This document contains helpful tips and tricks that are global in nature, applying to most every API 1.5 example. Although the examples in this document are Unix shell specific, the principles apply in general as well.
Table of Contents
Disclaimer: Although OAuth is preferred for production environments, the Examples section of the RightScale API Guide uses primarily standard user/pass authentication for simplicity sake.
The top of each API example provides an actionable page table of contents (TOC) that lists the specific example formats available.¹
¹ Not all examples contain all formats. Additional formats may be added in the future. Examples with more than one format include actionable "buttons" placed above the page TOC that jump to the appropriate format within the document.
RightScale's newer version of the Dashboard and API is known as "Unified Cloud Platform" (or simply UCP) while the old platform is known as "Legacy Cloud Platform." You can see if your account is a UCP account by logging into my.rightscale.com1 and if you are redirected to us-3.rightscale.com or us-4.rightscale.com, your account is a UCP account. If your account is not redirected and you remain on my.rightscale.com, you are on a LCP account. (Note: All LCP accounts will be migrated over to UCP accounts over time. For more information, please see the Endpoint URL and API redirects sections of the Unified Cloud Platform document.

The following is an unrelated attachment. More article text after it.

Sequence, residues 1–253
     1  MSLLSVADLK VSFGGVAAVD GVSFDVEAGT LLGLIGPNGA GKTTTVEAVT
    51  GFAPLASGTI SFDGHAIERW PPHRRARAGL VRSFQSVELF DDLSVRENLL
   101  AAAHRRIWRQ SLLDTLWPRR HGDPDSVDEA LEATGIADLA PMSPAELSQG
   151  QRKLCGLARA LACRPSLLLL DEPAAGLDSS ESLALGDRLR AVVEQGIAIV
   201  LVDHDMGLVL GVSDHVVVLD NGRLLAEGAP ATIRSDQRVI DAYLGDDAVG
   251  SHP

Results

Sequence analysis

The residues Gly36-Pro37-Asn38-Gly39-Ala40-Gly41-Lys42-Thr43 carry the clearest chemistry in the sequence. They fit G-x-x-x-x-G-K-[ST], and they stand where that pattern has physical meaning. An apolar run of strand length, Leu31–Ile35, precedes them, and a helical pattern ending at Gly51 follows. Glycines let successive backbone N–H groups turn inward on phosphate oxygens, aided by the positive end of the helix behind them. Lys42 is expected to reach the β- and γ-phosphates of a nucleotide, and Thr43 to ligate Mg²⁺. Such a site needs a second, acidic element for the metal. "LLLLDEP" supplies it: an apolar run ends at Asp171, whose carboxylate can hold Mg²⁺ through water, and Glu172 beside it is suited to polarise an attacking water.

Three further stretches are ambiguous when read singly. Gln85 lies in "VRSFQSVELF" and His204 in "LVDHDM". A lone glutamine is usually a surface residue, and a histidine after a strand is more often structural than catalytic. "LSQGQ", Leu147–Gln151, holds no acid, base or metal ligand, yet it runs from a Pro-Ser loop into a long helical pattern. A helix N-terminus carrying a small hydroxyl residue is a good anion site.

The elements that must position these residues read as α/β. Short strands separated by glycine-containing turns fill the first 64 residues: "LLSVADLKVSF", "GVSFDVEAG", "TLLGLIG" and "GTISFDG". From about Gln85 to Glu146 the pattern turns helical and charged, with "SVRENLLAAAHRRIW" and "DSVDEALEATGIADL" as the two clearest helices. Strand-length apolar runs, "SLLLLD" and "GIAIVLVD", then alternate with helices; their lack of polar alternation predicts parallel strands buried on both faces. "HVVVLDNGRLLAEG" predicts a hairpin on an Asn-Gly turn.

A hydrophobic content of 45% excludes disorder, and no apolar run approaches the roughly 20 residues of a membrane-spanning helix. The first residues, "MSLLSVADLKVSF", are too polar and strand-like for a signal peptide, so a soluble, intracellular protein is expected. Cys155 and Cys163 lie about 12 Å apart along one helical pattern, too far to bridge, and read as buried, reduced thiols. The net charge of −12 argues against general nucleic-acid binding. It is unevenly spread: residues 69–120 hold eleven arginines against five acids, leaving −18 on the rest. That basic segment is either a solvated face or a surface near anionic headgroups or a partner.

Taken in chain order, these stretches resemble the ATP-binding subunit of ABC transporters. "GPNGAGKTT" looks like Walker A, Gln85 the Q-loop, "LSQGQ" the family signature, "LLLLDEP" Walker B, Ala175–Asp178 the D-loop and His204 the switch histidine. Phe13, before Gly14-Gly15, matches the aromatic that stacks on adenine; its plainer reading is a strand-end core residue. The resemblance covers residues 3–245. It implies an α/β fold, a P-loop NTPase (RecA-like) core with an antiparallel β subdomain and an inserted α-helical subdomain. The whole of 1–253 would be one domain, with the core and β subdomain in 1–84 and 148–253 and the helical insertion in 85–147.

1 Important! Example code in the API 1.5 Guide uses my.rightscale.com as an API endpoint. Your endpoint may vary. Be sure to use the correct API endpoint in accord with your account when using the API.
When learning and exploring using the API, the simplest way to obtain resource ID's for account, deployment, servers, etc. is simply to log into the RightScale Dashboard and navigate about gaining information of interest from the URL. For example, navigating to the Info tab of an operational server within one of your deployments, your URL will look similar to:
From this example URL you know that:
Important! Some information must be queried from the API, you cannot discover it by navigating in the Dashboard. All Cloud resource information is this way. That is, don't use the URL information when navigating to Clouds > CloudName > CloudResource (where CloudResource is any resource supported by that cloud, such as Instances, Instance Types, Security Groups, etc.) Cloud resource ID's must be obtained from the API. Either write your own API calls, or use/leverage the various examples provided in this guide. (Note: See List Deployments, List Servers, List Inputs, etc.)